Economic growth is not a zero-sum game: China’s growth is not offset by a
decrease in the output of the United States or any other foreign economy. Although
a larger Chinese economy would produce more goods that Americans might

  EIU’s forecasts of the U.S. and Chinese economies predict that China will not overtake
the United States as the world’s largest economy until 2018.

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consume, it would also consume more goods that American workers might produce.
As discussed below, the long-run net effect of China’s growth on American well-
being will depend on how it affects the terms of trade by which American goods are
exchanged for Chinese goods. China’s future growth will also increase the demands
on the world’s natural resources and commodities (see below), which may affect
America’s terms of trade as well.

    Likewise, there is no particular advantage to being the world’s largest economy
from the perspective of living standards. For example, the three countries in the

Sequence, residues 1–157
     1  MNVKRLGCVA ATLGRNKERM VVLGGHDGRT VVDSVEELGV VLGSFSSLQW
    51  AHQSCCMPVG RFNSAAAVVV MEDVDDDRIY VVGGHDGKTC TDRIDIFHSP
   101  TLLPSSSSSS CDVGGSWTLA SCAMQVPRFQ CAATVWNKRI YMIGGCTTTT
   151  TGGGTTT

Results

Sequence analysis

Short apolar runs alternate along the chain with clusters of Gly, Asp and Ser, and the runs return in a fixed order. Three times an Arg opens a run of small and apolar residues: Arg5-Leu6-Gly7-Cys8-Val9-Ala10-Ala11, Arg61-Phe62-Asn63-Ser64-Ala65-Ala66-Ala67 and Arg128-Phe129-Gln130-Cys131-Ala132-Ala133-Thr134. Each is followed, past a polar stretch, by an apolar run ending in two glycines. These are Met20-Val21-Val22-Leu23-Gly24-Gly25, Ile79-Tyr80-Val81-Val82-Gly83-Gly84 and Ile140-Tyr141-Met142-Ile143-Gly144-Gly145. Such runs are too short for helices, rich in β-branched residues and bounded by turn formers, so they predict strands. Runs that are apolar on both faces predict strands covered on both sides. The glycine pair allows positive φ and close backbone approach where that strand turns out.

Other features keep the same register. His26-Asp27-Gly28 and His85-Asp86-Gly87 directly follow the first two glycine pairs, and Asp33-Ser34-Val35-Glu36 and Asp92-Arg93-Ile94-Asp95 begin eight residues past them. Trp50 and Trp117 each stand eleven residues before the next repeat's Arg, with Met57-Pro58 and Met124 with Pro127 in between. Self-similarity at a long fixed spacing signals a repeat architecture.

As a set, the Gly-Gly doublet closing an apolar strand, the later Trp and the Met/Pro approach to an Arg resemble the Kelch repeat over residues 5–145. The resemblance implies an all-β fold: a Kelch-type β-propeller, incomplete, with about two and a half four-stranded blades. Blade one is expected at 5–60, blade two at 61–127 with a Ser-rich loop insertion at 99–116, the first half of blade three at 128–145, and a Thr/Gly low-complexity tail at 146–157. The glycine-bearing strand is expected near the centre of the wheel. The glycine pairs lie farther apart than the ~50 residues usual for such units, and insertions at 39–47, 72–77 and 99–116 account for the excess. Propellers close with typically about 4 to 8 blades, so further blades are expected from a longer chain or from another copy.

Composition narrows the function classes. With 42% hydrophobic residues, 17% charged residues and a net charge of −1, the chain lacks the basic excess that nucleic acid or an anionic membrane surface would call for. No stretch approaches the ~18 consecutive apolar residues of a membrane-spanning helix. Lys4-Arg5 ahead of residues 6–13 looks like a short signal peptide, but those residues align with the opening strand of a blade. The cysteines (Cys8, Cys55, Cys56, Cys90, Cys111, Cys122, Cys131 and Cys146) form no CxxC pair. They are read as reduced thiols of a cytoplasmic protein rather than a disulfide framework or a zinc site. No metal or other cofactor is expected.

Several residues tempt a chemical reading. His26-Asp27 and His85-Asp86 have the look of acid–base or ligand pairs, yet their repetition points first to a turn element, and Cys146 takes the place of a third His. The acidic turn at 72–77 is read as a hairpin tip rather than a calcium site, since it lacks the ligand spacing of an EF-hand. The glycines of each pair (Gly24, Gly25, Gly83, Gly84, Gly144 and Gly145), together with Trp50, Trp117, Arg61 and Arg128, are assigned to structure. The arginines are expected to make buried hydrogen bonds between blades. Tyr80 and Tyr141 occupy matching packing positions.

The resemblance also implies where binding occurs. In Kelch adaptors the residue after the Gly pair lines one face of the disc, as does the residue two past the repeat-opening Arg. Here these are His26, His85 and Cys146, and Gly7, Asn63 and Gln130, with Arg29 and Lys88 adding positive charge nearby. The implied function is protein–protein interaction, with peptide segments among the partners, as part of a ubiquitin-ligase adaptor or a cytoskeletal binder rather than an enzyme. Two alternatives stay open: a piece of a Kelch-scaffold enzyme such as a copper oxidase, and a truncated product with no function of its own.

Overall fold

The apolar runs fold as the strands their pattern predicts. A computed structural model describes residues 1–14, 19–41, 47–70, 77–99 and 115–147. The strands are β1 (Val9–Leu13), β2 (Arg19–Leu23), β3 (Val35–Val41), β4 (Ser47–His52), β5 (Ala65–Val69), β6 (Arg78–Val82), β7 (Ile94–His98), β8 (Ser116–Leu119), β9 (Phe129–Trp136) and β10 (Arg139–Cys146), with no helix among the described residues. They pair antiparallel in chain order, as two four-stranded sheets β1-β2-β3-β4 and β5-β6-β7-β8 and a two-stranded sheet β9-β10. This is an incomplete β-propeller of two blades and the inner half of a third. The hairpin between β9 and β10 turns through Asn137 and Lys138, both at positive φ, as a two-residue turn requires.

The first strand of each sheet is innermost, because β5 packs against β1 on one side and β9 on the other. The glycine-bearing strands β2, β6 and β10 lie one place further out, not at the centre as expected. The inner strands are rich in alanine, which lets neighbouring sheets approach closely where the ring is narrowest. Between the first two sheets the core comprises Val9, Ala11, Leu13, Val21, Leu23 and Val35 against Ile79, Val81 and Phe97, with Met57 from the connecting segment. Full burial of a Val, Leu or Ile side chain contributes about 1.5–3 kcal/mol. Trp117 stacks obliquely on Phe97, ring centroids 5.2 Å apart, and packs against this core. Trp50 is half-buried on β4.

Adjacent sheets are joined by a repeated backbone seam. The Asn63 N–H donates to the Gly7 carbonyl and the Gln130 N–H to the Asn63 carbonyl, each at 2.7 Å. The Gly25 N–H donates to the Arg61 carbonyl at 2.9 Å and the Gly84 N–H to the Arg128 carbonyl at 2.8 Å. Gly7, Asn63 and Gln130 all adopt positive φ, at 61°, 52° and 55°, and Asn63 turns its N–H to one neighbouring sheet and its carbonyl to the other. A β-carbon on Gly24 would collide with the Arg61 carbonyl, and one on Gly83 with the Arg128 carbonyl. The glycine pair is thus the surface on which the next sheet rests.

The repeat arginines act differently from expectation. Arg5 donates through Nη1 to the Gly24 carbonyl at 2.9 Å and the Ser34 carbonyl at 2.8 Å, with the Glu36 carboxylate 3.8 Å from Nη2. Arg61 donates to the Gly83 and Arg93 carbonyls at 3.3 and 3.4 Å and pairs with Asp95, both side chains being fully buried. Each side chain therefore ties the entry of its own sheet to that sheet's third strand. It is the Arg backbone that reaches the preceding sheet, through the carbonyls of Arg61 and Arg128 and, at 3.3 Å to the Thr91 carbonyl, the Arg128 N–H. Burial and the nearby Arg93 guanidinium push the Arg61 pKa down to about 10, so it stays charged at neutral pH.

world with a higher per capita income than the United States — Luxembourg,
Norway, and Switzerland — are hardly known for their size. Trade takes place not
between countries, but between millions of individual economic agents within
countries, so country size does not confer any market power that allows a country to
negotiate favorable market price. (Size may afford greater bargaining power in trade
negotiations and international organizations, however.)

     China as the World’s Largest Exporting Economy? In 2006, China
was the world’s third-largest merchandise export economy, after the European Union
and United States. China’s merchandise exports, fueled largely by high levels of
foreign direct investment (FDI) in China, have risen dramatically over the past
several years. From 2003 to 2006, China’s merchandise exports grew by 121%; they
were up by 27.2% in 2006 over 2005. Given these rapid growth levels, Chinese
merchandise exports are likely to exceed U.S. export levels within a very short time
period, perhaps early as 2007.25 A broader measurement of a country’s export levels